Zoe used to dream of data, of graphs and formulae. Her sleeping mind dutifully echoed her daily life.
But now her dreams are strange. Cyborgs, robots, planet-devouring fungi. She's strange, dreaming; she ruins a computer with a mathematical paradox, and then she laughs. Even the friends she dreams are bizarre. The boy in the skirt, the shabby, clever little man who saves worlds and runs away.
She's not mad; at least, the psychiatric databank has no match for her symptoms.
She works efficiently; she socializes appropriately.
She goes eagerly to bed, to her dreams full of wonders, full of freedom.
The cell is bitter cold. When Jamie asks for a blanket, the guard laughs and says he'll be warm enough working the cane fields in Jamaica.
Slavery. Better to have died with his kinsmen.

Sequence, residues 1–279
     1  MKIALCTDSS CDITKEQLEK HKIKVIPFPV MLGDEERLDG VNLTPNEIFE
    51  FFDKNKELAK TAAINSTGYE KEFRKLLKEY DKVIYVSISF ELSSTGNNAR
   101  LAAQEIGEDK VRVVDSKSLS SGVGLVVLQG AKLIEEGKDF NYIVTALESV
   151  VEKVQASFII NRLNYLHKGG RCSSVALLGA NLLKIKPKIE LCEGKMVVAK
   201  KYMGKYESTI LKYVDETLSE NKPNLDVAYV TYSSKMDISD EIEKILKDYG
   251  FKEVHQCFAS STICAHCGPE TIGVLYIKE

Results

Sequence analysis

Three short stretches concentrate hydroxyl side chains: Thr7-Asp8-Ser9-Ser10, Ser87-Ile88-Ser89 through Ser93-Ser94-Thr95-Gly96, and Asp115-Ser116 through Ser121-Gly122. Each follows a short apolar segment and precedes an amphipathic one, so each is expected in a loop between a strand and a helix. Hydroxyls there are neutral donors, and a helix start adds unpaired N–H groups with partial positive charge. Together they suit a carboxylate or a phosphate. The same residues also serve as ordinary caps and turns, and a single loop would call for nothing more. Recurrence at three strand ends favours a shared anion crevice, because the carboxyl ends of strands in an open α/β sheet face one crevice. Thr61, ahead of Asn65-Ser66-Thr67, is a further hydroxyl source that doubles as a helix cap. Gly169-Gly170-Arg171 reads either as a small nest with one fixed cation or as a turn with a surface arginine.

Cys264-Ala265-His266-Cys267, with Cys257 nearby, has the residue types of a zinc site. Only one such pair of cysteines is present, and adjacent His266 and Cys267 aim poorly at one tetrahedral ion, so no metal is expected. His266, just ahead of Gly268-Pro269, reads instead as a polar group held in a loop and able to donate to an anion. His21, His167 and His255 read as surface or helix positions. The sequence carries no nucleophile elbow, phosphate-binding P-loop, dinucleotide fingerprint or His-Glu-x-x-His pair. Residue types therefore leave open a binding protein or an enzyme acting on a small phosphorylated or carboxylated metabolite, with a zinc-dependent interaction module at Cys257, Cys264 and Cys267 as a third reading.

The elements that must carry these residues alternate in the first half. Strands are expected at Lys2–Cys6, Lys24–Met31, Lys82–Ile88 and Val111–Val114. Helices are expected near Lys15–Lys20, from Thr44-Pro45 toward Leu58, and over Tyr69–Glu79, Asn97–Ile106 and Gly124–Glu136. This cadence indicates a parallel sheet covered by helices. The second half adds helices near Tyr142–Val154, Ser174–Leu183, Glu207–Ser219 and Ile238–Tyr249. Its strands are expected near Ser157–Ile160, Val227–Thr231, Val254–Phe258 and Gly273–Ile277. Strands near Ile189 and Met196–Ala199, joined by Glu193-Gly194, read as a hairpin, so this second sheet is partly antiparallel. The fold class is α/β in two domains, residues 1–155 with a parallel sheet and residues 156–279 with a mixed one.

He sleeps as much as he can. Dreaming, he sees the earth from some impossibly high place, blue-white and small as a pebble, too small for all the troubles it holds.
Dreaming, he leaves it behind to follow a man who's neither laird nor king, but the David to his Jonathan. A foreigner with an English voice. The friend of his soul.
Dreaming, Jamie is warm.
He tries until he nearly blows the TARDIS's new dematerialization circuit, but he can't get within twenty years of Jamie or Zoe. The TARDIS simply won't land. One final slap from the Time Lords, to underline the lesson.
Gloomy, he sleeps more than normal. He dreams of the green mountains of Kyriken, where he always meant to take Jamie. Of the mathematicians' duels on Telpas IV, which Zoe would have loved. Zoe's smile when she's thinking. Jamie's strong shoulder, brushing his.
Time shouldn't work this way for him. He's not used to barriers, to impossibilities. He's not used to dreaming.